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New Letters from Charles Brown to Joseph Severn, Edited by Grant Scott and Sue Brown
Letter 38

TO JOSEPH SEVERN1

[March?] 1834

{. . .} 1834.

{. . .} about coming
{. . .} it. If
{he arrives} in time, inquire {his} name and {direct him to} my villa at Johnstone’s, the banker. Thanks for sending me Mr Darley,2 — I liked him much. When you return, you may, if you choose, take a copy with you of the tragedy.3 So many have disliked it, as a dramatic work, among whom Mr Darley is one, that I am afraid it is not so good as you and I imagine, and I do not feel so anxious as formerly to make it public. Nevertheless you may show it to whom you please. Those who have highly dispraised it are Dilke, Richards (at first reading), Landor, L. Hunt, and now Darley. These opinions have shaken my faith.

I am expecting you every day. Love to your wife and children.

Your’s most sincerely,
           {Chas Brown. }

Notes

1 Address: Al Pittore Inglese, / Il Sig. Guiseppe Severn, / No 152 Via Rasella, / Roma. Postmarks: FIRENZE; A ROM 19 MAGGI{O} 18{34}. A one page fragmentary letter clipped at the head and torn at the foot. Brown responds to Severn’s letter of 14 Mar. 1834 (Scott 333-35) asking him to come to Rome for Easter and bring his copy of "Otho the Great," the play on which Brown and Keats had collaborated, for performance by a visiting group of Cambridge Apostles led by Stafford O’Brien. The letter survives in two fragments, a damaged letter text and a clipped address sheet. Because the only legibly dated postal stamp on the address leaf is 19 MAGGI{O} 18{..}, and because 19 May seems too late for the information given in the letter text, the address sheet probably belongs to another, now missing, manuscript letter. [Return to the letter]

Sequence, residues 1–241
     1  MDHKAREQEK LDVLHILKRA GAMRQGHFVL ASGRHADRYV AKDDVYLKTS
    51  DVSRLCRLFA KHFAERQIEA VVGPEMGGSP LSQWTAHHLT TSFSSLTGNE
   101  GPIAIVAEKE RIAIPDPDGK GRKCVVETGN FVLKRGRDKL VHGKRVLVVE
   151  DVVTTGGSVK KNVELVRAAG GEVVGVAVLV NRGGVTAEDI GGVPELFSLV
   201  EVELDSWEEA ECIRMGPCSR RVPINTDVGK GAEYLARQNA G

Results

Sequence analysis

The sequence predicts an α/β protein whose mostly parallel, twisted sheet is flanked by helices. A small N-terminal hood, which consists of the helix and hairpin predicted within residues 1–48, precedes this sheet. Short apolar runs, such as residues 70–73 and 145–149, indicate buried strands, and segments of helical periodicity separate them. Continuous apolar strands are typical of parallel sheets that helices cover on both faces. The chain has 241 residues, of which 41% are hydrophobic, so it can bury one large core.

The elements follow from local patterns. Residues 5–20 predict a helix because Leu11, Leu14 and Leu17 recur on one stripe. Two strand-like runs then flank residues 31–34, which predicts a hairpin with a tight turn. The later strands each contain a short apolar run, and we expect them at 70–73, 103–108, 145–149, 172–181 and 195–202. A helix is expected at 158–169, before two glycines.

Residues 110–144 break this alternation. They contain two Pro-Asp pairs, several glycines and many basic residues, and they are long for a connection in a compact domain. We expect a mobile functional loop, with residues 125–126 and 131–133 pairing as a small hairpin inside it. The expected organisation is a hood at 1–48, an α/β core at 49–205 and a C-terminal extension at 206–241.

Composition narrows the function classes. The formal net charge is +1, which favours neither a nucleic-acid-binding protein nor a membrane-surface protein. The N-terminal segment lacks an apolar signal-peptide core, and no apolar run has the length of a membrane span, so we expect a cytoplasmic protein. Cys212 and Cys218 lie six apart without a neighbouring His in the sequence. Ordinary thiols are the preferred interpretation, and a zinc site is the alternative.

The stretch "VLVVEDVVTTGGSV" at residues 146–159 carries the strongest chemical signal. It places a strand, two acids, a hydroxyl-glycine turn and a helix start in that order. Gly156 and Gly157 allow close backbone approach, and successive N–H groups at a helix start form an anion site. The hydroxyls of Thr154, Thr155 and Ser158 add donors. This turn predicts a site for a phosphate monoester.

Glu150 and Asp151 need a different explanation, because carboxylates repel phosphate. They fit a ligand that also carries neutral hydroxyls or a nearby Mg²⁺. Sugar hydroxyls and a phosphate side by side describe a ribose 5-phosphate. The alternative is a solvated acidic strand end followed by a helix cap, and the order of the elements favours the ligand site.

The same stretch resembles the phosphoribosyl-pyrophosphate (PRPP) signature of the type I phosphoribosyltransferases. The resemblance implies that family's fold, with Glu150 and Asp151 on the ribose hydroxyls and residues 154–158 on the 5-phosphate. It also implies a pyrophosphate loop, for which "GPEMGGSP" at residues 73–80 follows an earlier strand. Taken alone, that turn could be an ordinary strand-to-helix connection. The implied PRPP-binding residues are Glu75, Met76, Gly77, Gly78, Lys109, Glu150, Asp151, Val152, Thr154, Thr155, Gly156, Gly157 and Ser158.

2 George Darley (1795-1846), poet and critic on the fringes of the Keats circle in London. In 1834 he became the Rome correspondent for The Athenaeum. See C. C. Abbott, The Life and Letters of George Darley, Poet and Critic (London: Oxford UP, 1928). [Return to the letter]

3 Brown had tried unsuccessfully to get the play performed for the first time when he was in Rome in 1823-24 (Scott 333-335). See Brown to Henry Snook, 11 Feb. 1820 (Appendix). [Return to the letter]

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Published @ RC

December 2007